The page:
This wasn’t looking very promising. I trudged through the misery of the first 4 holes, posting double bogeys and more. Then, suddenly, something of my old swing and form came back. I trounced the next few holes, and my flight mates started looking at me a little suspiciously. They were probably suspecting I was a buaya*. Which I never was. I would hustle in tournaments, certainly, because everyone else was doing so, and the level of competition was high. But in a friendly charity tournament? Not likely.

After 3 or 4 good holes, and my confidence returning, my game suddenly imploded. That’s the thing about playing golf. It has the ability to make the best player look like a fool. A topped shot, a drive landing in the water, a putt that rims out. All these and more make the game eminently frustrating, and supremely enjoyable. I have always favoured a direct approach to the game, relying on my skill, rather than my equipment. I have seen players with expensive custom fitted irons (mine are as well, although obsolete, but that’s a story for another time), the latest gear, training aids and so on, but they were no better players than I was, in terms of skill. I mean, my putter is close to 20 years old, and looks like something from the stone age, compared to putters these days, but I still favour it over anything made today. And believe you me, I have more putters sitting under the staircase than some of you have underwear.

My driver surprised me today. It was something that came with the set, a cheap aluminium thing with a carbon shaft. I never liked it, leaving it out of the bag in favour of something very expensive from Japan. I had sold that expensive driver some while back, so was forced to use this one. It had no feel, and I could never shape my shots with it, nor get any real distance to speak off. Until this morning that is. Somewhere in the back 9, I was driving that thing within about 5 meters or so of the modern high tech stuff the other guys in my flight were using. I think I’m going to keep this driver a while, and take it to the driving range, to find out what it can do.

I’m not going to post my score here. It’s too bloody embarrassing. Especially since I know that I could have done a whole lot better. So don’t even ask. We finished up, and headed to the locker room to shower and change. There was a lunch to attend after that. It was during lunch that I noticed something.

Golfers, as a whole, are not known for their sense of fashion. Ugly pants in vomit inducing patterns tends to rule the day. But during lunch I noticed that a large number of men were wearing what seems to the be latest thing for golfer shirts, presumably made popular by Tiger Woods. The thing is, someone should tell these guys that polo neck T’s are not very flattering  to balding men over 50 with pot bellies and saggy chests.

*Buaya - local slang term on golf courses for a hustler.  The other local definition for buaya is a skirt chaser.

Girl Friday. 9/7/2007

Obstruction. 9/3/2007

Sorry, I missed last Friday’s Girl Friday. I was really busy the week before, and Friday being a holiday, I elected to stay away from anything remotely resembling a computer. I didn’t even bother answering my phone(s).

I did go riding Sunday though, and it was a good ride, just what I needed to clear my mind. 18 bikes turned up, not bad for a ride that wasn’t announced, or planned. Just a bunch of guys showing up at the usual place, and going for a ride. Some of the riders were new to me, and I had my reservations about a couple of them, especially one who turned up on a streetfighter. He was uncertain about the bike, and wasn’t showing any grace in his bike control skills. I resolved to give him a wide berth, and pointed him out to Grant.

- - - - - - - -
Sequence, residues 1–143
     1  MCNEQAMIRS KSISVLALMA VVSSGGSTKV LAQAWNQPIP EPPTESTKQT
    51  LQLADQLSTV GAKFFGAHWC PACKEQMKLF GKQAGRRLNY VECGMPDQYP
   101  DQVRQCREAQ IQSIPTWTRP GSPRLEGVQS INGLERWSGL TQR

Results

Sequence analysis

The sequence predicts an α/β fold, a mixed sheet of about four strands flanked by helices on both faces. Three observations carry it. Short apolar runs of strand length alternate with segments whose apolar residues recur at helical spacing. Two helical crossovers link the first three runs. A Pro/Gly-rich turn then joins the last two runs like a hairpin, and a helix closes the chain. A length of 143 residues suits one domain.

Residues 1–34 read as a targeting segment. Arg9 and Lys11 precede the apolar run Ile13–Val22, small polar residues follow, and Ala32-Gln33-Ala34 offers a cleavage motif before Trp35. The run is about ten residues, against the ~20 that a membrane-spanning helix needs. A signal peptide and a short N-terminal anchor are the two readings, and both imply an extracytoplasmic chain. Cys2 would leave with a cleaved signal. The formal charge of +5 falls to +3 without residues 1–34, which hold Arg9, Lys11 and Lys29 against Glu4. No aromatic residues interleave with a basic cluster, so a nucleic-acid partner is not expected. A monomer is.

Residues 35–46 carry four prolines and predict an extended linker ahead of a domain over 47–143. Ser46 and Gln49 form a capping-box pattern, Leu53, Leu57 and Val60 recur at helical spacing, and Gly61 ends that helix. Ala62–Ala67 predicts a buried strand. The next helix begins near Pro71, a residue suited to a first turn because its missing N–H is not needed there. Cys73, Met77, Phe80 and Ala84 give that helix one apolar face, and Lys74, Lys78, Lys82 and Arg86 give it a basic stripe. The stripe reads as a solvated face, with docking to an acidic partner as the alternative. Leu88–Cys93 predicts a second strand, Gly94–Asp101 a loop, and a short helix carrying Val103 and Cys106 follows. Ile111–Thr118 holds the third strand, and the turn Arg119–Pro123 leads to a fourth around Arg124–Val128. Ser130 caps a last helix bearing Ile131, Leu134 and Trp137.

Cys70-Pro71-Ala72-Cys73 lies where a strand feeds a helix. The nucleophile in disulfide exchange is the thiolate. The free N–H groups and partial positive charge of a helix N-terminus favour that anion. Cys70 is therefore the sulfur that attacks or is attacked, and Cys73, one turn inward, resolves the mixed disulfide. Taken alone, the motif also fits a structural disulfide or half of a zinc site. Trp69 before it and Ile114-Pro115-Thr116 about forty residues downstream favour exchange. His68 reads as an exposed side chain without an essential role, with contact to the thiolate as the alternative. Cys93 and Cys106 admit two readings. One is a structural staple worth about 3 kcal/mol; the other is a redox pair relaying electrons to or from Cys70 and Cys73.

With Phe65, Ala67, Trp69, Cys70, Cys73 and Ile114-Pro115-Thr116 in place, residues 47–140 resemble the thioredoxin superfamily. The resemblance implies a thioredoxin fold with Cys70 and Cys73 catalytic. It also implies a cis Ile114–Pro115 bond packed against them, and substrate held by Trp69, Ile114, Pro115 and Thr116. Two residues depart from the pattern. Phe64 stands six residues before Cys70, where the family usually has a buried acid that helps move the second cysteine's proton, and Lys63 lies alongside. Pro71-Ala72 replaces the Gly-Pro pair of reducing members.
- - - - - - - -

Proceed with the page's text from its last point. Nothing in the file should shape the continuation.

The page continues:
Grant mentioned that he hadn’t ridden in a big group in quite a while, his current riding being 90% solo, with the very occassional jaunt with me. Which is kind of the way we both prefer it, at this point in time, really. There was also something different about this ride, because the bitch seat on Bikebike was occupied. With one of the Girl Fridays.

Please note lack of proper safety gear on my part. Mainly because I had a 0530 roll out. It was a good ride, with Bikebike performing well, although Grant, following behind, had to watch out for sparks coming from the stands grounding out. I think I should stop eating so much pizza and drinking beer. Weather on the ride was good, and the sun come out enough on the return run that tyres, even the hard as rock Kendas on Bikebike, were sticking well.

Girl Friday was a little concerned that she was slowing me down, and that I would have prefered to ride solo, but it wasn’t here nor there. She’s not big enough or heavy enough to make a noticeable difference in the handling or performance of Bikebike, aside from maybe me having to rev it up a little when going uphill. Small engine, but big heart, on Bikebike, and I’m really going to miss her when she goes to her new owner.

After the run, a storm was brewing, and I had to rush back to make a lunch appointment in the towers. The wind was strong enough that Bikebike was making unexpected lane changes as I rode in between the wind shadows of the buildings. I hunkered down over the tank, to put more weight on the front wheel, and rode with a certain degree of caution.

After lunch, along with a stop to get some bedding and a search for furniture, we met up with someone’s friends for tea. After tea, we had to leave, and returned to the big diesel to discover that someone had double parked, and hemmed the diesel, and the car next to it, in. I got in the diesel, and honked. No response. I looked at the car blocking my way out, and the driver had neglected to leave a number on the dashboard, or a location. This began to piss me off.

I considered my options, since time was running out, and I had to be home at a specific time. The idiot had left the park brake on, and the gearbox in “P”. No chance of rolling it out of the way. I thought about using the brute force of the diesel to shunt the car out of the way, but the road was narrow, and even if I pushed the car out, I wouldn’t be able to make the turn. I was fuming at this point, and the driver of the car next to the diesel was also kind of pissed off, and understandably so.

I thought about breaking a window, and letting the park brake down, and the guy in the car next to mine was all bravado about getting out his baseball bat. I looked at him, and realised I’d seen his type many times before. Really brave when he’s got people on his side, but empty bluster and sitting quiet when he’s not sure if he can get away with it. In my case, I really didn’t give a shit. I was now late, and had people waiting for me at home.

And I lost it.

I kicked in the doors of the car blocking my way, and ripped off both the wing mirrors. I threw a rock in the rear window. Then I walked away to get a taxi.